Usage: Wendy is a very popular first name. It is more often used as a girl (female) name.
People having the name Wendy are in general originating from France, Germany, United Kingdom, United States of America.
For another variant of the name Wendy across the world, see Wanda.
The Growth number corresponding to this first name is 8.
The name Wendy is ranked on the 186th position of the most used names. It means that this name is very frequently used.
We estimate that there are at least 3078100 persons in the world having this name which is around 0.043% of the population.
The name Wendy has five characters. It means that it is relatively medium-length, compared to the other names in our database.
The graph below represents the number of people who were given the name Wendy for each year since 1900 in the U.S.A.:
History and Origin
Wendy is a given name generally given to females in English-speaking countries.
The name is found in United States records from the 19th century; the name Wendy appeared over twenty times in the U.S. Census of 1880. In Britain, Wendy appeared as a boy’s name in the 1881 census of England, and was occasionally used as a diminutive for the Welsh Gwendolyn. It was also used as a surname in Britain from at least the 17th century. However, its popularity as a girl’s name is attributed to the character Wendy Darling from the 1904 play Peter Pan and its 1911 novelization Peter and Wendy by J. M. Barrie. The name was inspired by young Margaret Henley, daughter of Barrie’s poet friend W. E. Henley. With the common childhood difficulty pronouncing Rs, Margaret reportedly used to call him ‘my fwiendy-wendy’.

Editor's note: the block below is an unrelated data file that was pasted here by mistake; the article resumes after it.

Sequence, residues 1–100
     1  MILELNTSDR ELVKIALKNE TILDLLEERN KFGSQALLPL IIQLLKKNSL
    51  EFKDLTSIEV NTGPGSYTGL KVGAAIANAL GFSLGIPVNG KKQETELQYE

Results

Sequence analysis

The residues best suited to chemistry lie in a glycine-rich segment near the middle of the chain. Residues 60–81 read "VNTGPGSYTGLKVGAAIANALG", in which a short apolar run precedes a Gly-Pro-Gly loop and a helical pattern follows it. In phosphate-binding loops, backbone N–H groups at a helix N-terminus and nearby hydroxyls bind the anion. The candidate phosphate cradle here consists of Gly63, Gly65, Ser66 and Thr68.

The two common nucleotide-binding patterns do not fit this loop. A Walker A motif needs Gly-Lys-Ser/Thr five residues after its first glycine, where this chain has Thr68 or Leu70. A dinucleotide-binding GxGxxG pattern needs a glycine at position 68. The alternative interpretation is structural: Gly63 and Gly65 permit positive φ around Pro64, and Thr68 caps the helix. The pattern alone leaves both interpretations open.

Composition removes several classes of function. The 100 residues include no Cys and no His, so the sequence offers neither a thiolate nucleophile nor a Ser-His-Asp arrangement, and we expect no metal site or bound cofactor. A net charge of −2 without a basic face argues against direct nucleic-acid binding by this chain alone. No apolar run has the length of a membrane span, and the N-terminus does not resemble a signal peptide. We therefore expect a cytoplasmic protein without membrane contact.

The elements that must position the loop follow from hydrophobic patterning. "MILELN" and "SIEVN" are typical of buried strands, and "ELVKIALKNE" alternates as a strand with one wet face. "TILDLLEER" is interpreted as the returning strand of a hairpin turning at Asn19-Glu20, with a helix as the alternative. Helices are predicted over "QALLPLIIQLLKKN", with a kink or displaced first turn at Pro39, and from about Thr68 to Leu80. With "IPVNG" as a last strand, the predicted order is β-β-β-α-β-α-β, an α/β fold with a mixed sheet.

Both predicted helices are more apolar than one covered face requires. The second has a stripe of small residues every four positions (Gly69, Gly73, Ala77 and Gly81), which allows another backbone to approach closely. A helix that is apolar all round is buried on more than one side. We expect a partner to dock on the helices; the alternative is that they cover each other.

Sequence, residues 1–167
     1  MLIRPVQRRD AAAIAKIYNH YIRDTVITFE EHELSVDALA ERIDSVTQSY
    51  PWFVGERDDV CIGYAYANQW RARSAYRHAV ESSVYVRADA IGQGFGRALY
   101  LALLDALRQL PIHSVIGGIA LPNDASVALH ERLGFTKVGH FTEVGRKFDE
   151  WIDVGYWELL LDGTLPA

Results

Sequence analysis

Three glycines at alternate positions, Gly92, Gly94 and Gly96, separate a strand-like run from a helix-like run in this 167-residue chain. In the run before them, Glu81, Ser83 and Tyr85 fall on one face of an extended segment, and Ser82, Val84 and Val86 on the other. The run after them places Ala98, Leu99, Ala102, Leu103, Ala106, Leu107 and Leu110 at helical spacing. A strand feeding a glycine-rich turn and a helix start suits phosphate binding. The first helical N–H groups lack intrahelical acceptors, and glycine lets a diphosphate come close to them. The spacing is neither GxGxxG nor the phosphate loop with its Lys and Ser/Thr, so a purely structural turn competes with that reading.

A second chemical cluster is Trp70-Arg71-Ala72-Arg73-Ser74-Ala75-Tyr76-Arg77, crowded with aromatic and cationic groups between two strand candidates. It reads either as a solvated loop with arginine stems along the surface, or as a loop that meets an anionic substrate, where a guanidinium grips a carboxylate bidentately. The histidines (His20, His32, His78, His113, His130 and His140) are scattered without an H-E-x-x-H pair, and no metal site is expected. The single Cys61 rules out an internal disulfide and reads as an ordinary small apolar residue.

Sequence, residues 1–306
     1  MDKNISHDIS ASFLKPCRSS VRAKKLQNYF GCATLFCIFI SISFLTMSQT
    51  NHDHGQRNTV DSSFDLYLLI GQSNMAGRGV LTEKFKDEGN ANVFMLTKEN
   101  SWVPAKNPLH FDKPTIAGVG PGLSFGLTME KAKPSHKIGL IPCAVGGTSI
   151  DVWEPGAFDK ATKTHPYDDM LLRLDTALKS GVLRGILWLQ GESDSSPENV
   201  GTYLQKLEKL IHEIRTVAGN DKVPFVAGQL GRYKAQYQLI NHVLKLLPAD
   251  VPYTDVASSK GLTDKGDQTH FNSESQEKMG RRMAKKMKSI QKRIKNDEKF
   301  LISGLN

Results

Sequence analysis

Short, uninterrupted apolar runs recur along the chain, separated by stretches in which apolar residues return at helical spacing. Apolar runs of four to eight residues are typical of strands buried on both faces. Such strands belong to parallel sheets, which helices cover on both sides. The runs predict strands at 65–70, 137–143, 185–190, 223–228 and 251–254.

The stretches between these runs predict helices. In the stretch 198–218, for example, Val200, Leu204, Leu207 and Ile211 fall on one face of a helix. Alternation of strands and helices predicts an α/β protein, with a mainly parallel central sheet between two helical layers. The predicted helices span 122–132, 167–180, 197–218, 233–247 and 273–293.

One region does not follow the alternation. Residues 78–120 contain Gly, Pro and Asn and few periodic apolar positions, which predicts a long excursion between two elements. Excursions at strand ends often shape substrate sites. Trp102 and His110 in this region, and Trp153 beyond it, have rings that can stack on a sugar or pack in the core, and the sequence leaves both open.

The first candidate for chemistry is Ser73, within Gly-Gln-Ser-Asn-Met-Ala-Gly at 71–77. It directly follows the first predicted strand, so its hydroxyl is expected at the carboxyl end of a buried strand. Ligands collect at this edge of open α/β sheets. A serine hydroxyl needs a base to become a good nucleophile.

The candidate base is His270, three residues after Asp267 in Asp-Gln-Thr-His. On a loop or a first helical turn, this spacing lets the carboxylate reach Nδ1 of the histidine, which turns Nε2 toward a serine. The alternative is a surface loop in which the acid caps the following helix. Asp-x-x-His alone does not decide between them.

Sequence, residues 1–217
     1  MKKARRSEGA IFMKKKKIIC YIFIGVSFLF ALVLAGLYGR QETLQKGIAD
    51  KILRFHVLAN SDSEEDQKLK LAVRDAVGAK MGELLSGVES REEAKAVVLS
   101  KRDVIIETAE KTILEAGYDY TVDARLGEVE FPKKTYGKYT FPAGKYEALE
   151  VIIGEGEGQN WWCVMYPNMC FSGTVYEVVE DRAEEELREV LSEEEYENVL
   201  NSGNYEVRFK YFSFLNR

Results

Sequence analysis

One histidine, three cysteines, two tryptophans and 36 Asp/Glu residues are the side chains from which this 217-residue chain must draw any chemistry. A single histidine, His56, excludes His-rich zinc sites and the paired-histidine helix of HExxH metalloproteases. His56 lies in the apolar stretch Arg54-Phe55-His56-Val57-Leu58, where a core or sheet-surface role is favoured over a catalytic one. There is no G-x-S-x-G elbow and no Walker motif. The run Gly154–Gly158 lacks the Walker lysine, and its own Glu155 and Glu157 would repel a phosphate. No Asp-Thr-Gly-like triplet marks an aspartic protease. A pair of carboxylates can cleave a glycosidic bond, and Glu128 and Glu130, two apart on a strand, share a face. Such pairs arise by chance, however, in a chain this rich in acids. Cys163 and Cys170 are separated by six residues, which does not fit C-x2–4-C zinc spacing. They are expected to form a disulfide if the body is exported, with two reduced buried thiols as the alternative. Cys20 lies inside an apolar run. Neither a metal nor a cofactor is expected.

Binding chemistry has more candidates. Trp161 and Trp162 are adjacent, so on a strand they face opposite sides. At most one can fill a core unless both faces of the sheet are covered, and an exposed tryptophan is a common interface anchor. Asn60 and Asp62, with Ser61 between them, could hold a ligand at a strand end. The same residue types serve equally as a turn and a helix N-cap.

The name Wendy is sometimes considered a variation of the (originally Polish) name Wanda.
Various Chinese rulers have held the name and title Emperor Wen, which in Chinese is read Wen(-)di (文帝). Chinese women with the same or similar-sounding characters as their given names often anglicise their names as Wendi or Wendy (e.g. Wendi Deng, Wendy Kweh).
In Germany, the name Wendy became popular because of a children’s magazine series about horses.
English: invented by J. M. Barrie for the ‘little mother’ in his play Peter Pan (1904). He took it from the nickname Fwendy-Wendy (i.e. ‘friend’) used for him by a child acquaintance, Margaret Henley. It has achieved widespread popularity in its short lifespan.
Variant: Wendi (rare).
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